Every so often I see an edit that has been approved by the community, which I consider either inaccurate, misleading, or worse of all, actually harmful to the OP. When I look back at the history in the review queue, the users who have approved these poor edits are either non-native speakers, or largely inexperienced.

Of course everyone makes a slip-up now and again; we all do, and that's why a newcomer's suggested edit is approved by two users who have earned these moderator's privileges.

But I'm beginning to think this is not sufficient. Whenever I spot a poor edit, I try to rectify it, but this is a delicate operation. I risk offending the newcomer whose edit was approved, and I risk looking like a fuss-pot, or worse.

Am I alone in thinking this is a "problem"? Perhaps I should flag and wait for a mod to rollback. I think this type of intervention looks better done by them.

Just to give visitors an idea of what I'm talking about:

http://meta.english.stackexchange.com/questions/4908/why-cant-i-fix-a-typo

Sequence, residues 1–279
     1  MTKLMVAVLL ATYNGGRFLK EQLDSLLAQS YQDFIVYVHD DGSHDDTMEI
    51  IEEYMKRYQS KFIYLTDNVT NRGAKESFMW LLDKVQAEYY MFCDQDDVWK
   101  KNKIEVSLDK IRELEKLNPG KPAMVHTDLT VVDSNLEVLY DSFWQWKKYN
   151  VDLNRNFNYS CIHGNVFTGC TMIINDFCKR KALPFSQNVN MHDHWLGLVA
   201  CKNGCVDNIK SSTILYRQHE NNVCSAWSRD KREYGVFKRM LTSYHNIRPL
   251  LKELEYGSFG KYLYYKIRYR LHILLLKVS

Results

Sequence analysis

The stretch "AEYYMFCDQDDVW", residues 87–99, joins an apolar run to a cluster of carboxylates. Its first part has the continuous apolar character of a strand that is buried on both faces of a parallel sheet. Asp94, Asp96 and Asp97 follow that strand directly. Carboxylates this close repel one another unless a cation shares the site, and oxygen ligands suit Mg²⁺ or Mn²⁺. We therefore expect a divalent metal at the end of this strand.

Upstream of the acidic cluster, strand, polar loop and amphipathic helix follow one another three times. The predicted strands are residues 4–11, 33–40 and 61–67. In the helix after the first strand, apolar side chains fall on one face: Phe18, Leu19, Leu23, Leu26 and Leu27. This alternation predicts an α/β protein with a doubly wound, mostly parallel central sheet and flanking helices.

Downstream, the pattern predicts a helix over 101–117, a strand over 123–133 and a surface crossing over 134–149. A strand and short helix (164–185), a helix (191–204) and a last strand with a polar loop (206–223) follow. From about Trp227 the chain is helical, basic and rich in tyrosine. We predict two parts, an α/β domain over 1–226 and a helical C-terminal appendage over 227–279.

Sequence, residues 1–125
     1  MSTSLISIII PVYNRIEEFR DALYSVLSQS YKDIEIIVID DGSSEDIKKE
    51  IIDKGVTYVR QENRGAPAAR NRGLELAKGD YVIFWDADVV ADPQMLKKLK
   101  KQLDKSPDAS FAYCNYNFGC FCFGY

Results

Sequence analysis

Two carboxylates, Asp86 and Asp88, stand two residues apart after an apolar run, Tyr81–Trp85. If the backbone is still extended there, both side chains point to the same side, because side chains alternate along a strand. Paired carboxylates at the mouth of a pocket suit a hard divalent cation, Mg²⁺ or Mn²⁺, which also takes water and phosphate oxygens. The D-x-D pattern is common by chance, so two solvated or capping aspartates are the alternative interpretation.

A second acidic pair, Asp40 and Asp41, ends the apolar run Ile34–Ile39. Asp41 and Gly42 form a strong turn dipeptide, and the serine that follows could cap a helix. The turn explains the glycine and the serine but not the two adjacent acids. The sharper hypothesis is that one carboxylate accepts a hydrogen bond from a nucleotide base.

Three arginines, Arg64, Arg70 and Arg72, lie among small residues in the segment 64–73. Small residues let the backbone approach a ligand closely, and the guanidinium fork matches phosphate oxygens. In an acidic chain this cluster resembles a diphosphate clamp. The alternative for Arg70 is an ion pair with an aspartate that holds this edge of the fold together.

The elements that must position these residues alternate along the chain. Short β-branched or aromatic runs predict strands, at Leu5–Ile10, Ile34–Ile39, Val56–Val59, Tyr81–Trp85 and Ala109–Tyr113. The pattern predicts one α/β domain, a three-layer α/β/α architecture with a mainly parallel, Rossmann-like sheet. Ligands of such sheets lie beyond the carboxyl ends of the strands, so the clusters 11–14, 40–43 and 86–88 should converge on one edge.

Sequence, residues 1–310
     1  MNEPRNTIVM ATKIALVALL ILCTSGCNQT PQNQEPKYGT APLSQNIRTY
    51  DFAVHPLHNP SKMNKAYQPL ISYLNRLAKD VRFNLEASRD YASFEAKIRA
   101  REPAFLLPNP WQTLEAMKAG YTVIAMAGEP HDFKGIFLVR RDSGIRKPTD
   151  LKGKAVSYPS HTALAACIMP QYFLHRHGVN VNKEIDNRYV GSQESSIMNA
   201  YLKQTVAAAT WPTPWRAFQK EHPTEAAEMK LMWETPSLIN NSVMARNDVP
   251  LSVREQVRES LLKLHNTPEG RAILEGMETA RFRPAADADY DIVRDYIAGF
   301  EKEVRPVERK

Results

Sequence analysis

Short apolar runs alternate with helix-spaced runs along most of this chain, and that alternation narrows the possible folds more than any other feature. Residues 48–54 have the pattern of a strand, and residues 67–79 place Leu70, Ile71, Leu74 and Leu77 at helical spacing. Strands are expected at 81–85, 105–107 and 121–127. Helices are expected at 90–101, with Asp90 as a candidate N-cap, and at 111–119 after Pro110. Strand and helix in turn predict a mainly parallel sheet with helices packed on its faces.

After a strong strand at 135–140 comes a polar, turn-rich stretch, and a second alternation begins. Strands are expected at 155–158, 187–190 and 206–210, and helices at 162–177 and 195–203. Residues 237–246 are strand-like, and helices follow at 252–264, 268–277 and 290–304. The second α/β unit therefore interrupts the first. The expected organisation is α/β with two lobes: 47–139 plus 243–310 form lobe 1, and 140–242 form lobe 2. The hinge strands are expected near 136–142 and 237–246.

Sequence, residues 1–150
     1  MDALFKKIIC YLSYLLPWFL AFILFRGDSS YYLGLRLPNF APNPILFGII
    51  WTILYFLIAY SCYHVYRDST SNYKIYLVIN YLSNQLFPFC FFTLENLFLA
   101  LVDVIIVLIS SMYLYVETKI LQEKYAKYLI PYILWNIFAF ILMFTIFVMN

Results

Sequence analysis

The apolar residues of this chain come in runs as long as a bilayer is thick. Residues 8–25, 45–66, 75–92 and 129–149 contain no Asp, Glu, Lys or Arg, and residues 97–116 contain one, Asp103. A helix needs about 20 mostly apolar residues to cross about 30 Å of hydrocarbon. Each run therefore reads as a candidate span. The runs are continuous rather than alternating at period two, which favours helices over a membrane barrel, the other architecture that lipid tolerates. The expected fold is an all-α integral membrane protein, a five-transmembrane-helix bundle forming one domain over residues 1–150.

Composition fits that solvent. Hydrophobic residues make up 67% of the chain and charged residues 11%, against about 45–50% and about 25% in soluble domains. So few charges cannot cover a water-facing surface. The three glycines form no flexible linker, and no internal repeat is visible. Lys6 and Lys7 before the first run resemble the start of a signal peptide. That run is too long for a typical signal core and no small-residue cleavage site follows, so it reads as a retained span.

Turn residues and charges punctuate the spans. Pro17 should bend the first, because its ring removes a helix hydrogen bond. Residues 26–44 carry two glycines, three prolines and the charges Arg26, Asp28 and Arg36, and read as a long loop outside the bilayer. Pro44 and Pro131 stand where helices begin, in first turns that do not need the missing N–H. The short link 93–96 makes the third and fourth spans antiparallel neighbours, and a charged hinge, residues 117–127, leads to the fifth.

http://meta.english.stackexchange.com/questions/4743/this-edit-should-not-have-been-approved

http://meta.english.stackexchange.com/questions/1636/when-a-user-changes-your-edits-back-to-their-original-pre-edit-form?rq=1

http://meta.english.stackexchange.com/questions/3466/the-review-queue-ii-this-time-its-personal

Every so often I see an edit that has been approved by the community, which I consider either inaccurate, misleading, or worse of all, actually harmful to the OP. When I look back at the history in the review queue, the users who have approved these poor edits are either non-native speakers, or largely inexperienced.